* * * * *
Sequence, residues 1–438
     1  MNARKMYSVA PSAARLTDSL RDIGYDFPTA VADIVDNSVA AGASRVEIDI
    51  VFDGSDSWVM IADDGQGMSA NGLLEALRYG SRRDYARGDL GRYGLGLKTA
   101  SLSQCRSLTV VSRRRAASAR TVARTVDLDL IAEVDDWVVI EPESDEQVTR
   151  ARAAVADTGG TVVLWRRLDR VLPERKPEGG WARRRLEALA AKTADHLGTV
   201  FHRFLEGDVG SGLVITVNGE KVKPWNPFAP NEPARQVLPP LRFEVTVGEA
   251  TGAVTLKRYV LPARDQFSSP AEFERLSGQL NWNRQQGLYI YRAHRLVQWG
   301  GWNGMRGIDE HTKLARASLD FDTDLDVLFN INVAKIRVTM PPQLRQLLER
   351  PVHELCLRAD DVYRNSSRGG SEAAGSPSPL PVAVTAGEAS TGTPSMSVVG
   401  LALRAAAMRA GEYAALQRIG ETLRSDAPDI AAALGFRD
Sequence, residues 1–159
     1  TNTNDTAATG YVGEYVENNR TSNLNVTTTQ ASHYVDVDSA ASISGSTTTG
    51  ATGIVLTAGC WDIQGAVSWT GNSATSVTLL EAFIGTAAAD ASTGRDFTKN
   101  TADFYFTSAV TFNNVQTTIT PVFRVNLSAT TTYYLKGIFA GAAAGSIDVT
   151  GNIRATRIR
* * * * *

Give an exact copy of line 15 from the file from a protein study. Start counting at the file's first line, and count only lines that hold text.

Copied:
   151  GNIRATRIR